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Prince Harry: This very symbolic ban which he is willing to support


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Very involved in the Black Lives Matter movement, Prince Harry supports the decision of the English Rugby Federation to ban the song “Swing Low, Sweet Chariot” during matches. A resolution motivated by the origins of the song.

Rugby fans, and more specifically the England team, will recognise the song. The verse “Swing Low, Sweet Chariot”, which was taken up again and again during the matches of the XV de la Rose, could however be banned. It is in any case the fight led by Prince Harry, who is a great fan of the oval ball sport.

The husband of Meghan Markle, recently involved in the Black Lives Matter movement, supports the decision of the English Rugby Union (RFU) to ban singing at rugby matches. “The Duke supports the comments the RFU made this week regarding the review and will follow the RFU’s decision on the issue,” commented a representative of Prince Harry to The Times.

But why such a decision? The origin of the song is indeed highly questionable, as it is originally an ode to the liberation of slaves. The “chariot”, referring as much to a wagon as to a barge to enable the slave to free himself from his condition. The anthem, written shortly before 1862 by a black slave named Wallace Willis, has several stanzas, but only the first two are used in the England team’s matches since 19 March 1988.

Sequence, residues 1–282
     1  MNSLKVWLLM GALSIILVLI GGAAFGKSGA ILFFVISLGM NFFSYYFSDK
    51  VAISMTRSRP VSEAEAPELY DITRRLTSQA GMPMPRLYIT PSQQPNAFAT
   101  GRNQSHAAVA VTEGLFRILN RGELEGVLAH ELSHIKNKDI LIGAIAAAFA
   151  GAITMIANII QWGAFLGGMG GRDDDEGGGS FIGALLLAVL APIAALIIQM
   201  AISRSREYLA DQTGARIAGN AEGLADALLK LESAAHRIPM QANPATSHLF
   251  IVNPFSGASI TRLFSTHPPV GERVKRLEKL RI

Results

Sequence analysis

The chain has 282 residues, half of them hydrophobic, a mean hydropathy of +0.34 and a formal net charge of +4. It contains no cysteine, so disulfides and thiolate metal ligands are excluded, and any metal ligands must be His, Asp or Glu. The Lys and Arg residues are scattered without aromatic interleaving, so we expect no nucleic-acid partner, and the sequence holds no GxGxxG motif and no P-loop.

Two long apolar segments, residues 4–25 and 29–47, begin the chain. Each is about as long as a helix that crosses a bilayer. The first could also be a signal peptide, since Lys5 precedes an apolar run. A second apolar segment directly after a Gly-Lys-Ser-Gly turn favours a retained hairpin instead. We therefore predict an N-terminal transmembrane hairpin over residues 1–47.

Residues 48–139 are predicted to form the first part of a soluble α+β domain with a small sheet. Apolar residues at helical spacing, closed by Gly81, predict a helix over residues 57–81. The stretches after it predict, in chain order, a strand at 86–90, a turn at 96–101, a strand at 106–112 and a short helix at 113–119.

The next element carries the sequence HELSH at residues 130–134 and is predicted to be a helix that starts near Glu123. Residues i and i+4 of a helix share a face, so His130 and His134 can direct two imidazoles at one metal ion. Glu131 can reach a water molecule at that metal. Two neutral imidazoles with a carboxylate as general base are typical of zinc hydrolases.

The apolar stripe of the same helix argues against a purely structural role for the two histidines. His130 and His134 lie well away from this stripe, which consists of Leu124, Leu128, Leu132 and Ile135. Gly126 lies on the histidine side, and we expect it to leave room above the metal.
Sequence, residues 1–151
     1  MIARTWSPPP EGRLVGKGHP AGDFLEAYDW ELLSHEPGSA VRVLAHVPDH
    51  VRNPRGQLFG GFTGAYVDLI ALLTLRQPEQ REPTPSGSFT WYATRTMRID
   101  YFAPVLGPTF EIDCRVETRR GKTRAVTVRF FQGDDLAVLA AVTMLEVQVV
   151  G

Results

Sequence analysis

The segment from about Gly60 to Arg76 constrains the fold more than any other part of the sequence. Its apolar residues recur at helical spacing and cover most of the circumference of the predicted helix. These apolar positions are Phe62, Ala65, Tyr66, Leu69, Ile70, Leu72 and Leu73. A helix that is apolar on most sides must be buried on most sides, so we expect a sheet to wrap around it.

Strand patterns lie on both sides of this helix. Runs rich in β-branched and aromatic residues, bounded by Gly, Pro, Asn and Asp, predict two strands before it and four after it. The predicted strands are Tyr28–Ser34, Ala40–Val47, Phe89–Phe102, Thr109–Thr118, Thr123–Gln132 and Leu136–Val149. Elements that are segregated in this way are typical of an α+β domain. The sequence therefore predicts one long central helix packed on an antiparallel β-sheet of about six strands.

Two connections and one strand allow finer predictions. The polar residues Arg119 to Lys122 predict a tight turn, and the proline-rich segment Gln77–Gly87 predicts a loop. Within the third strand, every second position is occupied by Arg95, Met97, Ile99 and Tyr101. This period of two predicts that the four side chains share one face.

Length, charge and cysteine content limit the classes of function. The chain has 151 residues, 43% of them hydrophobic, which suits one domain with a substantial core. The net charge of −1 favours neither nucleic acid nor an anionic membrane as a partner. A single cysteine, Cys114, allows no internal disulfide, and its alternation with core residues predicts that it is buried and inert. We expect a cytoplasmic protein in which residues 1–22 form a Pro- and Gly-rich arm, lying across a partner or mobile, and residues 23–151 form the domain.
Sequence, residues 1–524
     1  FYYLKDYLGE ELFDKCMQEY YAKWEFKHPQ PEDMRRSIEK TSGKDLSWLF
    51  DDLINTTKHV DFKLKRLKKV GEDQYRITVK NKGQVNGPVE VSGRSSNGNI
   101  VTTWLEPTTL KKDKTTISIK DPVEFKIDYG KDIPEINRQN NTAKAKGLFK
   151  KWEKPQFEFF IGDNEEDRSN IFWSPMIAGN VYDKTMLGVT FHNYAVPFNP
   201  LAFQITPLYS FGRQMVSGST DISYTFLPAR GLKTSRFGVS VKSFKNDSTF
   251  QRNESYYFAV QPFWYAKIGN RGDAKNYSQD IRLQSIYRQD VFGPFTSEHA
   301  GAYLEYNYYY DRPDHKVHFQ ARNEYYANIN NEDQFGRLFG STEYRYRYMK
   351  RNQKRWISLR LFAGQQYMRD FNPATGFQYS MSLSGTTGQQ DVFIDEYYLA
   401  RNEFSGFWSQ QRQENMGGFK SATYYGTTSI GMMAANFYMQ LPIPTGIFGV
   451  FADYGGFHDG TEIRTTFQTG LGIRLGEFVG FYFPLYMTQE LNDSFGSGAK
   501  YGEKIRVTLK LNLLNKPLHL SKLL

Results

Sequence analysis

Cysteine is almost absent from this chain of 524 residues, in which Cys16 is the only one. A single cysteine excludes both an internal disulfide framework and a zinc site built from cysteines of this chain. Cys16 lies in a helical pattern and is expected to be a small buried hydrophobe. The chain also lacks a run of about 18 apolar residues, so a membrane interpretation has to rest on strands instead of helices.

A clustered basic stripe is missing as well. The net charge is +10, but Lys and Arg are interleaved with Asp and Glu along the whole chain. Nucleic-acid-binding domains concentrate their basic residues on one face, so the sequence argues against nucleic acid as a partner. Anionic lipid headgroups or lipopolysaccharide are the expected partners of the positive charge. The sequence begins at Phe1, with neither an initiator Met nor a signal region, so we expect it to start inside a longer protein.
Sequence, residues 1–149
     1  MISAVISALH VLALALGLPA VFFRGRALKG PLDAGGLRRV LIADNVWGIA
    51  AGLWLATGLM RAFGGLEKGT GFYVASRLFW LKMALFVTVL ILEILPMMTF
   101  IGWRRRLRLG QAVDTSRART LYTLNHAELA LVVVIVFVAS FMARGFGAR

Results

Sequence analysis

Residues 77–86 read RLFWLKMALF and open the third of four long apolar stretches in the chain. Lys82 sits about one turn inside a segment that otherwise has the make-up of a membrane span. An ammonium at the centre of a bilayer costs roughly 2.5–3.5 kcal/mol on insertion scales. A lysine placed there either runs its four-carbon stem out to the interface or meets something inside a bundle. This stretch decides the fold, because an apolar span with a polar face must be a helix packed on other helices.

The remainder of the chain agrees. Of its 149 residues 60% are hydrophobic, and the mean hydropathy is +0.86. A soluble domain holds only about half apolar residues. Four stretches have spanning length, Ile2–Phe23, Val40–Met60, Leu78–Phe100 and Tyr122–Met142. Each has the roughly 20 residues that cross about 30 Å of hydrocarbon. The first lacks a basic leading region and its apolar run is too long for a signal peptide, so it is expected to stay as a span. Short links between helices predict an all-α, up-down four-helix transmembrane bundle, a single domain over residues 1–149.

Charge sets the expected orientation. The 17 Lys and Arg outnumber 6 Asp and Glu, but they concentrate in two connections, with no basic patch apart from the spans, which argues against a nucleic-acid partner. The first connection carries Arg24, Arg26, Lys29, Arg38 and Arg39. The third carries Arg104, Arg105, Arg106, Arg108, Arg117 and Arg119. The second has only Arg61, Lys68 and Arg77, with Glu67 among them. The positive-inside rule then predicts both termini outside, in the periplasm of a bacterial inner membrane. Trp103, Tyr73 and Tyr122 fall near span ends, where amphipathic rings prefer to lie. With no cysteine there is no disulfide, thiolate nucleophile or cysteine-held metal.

A song of victory

That day, the English witnessed a miracle after a difficult season (the team lost 15 of its 23 games in what was then called the V Nations tournament). The match against the Irish looked to be going badly, but the XV de la Rose recovered, thanks in particular to Chris Oti, the first black player, who ensured victory for his team.

It was during the match that the “Swing Low, Sweet Chariot” began to resound in the stadium. At the origin of the song? A group of students from the Douai Benedictine School in Upper Woolhampton, moved by the show.

The RFU, who spoke out on the issue, said, “The song Swing Low, Sweet Chariot (…) is (today) sung by a lot of people who don’t know its origins or its sensibilities”. He went on to say, “We’re looking at its historical context and our role in educating fans to make informed decisions.” A symbolic resolution, largely dictated by the Black Lives Matter movement and the death of George Floyd on May 25th.

Photo credits: EXPRESS TRADE UNION / BESTIMAGE

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